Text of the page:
New Brunswick — Building on the popularity of the New Brunswick government’s “tip line” for those who violate the COVID-19 restrictions, today the government announced its newest tip line to catch and punish distracted drivers.
On Tuesday, Premier Blaine Higgs revealed the province is receiving “hundreds of calls” to the COVID-19 “snitch line.” These calls from New Brunswickers reporting on others for alleged cases of COVID-19 rule-breaking can result in fines of over $10,000 at the officer’s discretion. This Friday, the Legislature will meet to hike those fines even higher, although details have yet to be revealed.
In addition, the Department of Public Safety is also announcing a new tip line so New Brunswickers can also report on each other for distracted driving infractions.
“We had no idea that our tip line would be so popular,” confessed Public Safety Minister Carl Urquhart. “But once we removed the stigma around ‘snitching’ or being a ‘busybody,'” he said making air quotes, “the thing really went viral…in a good way!
“Now that we’ve ripped off that band-aid, we are expanding our call centre operations to allow even more snitching…err, I mean informing, err no I mean citizen safety enforcement!”
The epidemic of driver distraction while operating a motor vehicle endangers countless lives on a daily basis. Even though driver distraction is a factor in 8 out of 10 car crashes each year, Public Safety says that the violations are so rampant that the police have no way to catch every person.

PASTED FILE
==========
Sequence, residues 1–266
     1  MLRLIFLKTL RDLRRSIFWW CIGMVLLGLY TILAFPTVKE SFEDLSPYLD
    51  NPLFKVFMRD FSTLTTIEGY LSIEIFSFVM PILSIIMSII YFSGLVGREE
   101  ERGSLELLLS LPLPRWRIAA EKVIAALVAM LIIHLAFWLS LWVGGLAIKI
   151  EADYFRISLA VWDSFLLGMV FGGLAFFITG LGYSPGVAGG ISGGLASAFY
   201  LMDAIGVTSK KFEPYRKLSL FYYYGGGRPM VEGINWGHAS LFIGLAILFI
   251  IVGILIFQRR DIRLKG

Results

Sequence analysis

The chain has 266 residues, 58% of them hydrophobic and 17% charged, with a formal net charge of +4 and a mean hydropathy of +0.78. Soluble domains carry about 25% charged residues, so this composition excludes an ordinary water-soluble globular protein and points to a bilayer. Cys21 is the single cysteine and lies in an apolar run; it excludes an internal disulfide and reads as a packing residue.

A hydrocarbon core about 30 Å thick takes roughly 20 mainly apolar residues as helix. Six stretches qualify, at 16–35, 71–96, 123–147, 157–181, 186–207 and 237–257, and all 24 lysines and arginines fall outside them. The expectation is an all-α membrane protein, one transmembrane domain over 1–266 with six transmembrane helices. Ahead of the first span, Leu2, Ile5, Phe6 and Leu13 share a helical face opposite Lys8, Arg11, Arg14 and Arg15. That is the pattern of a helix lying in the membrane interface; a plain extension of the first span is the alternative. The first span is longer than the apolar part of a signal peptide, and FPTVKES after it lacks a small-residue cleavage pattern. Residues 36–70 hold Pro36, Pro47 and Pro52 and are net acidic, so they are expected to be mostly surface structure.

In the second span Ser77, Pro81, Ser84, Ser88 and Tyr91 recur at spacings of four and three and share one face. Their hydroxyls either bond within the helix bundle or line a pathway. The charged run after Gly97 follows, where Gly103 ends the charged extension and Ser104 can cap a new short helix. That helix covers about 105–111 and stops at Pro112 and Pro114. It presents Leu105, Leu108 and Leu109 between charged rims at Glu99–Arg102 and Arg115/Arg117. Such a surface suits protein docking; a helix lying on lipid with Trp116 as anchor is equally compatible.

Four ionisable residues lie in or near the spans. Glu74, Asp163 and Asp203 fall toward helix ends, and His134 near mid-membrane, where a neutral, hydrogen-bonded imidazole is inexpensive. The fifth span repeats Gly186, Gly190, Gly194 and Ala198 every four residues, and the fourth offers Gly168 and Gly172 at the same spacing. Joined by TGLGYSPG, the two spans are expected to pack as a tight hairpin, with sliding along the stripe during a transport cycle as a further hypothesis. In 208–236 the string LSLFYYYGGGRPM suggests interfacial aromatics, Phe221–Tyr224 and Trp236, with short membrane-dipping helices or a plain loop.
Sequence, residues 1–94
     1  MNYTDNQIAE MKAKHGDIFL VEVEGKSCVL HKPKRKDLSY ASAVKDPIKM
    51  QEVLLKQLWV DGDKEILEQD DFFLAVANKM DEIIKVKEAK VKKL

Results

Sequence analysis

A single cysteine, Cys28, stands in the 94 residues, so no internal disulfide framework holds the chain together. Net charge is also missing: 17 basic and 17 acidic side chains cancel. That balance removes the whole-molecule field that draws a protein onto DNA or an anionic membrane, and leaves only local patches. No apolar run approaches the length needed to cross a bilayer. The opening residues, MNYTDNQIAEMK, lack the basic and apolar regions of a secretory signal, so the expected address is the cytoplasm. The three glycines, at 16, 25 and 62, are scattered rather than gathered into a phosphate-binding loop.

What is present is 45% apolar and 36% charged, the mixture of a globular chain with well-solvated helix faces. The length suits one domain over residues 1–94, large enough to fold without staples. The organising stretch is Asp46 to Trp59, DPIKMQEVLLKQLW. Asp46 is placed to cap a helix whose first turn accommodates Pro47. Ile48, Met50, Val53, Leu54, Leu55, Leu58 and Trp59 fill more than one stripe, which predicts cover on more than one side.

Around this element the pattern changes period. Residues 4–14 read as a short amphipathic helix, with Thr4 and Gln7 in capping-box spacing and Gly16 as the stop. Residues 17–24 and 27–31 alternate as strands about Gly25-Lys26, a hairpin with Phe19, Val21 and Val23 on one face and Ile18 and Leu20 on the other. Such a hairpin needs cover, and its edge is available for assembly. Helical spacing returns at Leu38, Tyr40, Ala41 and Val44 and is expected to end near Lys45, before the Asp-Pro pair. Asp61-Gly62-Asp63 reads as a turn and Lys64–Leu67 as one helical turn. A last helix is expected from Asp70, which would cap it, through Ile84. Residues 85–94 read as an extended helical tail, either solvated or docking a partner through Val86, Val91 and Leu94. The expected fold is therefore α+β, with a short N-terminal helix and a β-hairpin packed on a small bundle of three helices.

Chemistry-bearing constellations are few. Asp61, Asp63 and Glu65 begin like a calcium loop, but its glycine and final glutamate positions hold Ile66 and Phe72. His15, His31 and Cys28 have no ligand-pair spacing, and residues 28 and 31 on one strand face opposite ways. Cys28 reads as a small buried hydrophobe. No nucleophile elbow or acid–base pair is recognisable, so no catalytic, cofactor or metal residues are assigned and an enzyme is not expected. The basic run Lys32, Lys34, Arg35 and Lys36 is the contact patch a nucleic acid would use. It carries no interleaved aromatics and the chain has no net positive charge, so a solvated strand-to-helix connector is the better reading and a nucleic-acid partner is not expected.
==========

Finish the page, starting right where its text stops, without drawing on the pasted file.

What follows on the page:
“Of course, we don’t want these calls tying up 911,” explained Urquhart. “So, by giving them a place to call so they can be the government’s eyes on the road, we can finally enforce strict compliance.
“Check out our website to get educated on what’s a distraction — it says, ‘Distracted driving is the diversion of attention from driving, as a result of the driver focusing on a non-driving object, activity, event, or person.’ It’s not just about texting!
“Yelling at your kids — that’s a distraction. Drinking a coffee — that’s a distraction! Lighting a smoke — distraction! Dog on your lap — distraction! Eating fries — distraction! Looking the scenery — distraction! Charging your phone — distraction!
“Actually, you can just make up your own mind about whether you think the person is distracted and just call it in. Call everything in! You be the police too!
“If people are strictly following the law, they have nothing to worry about,” he said.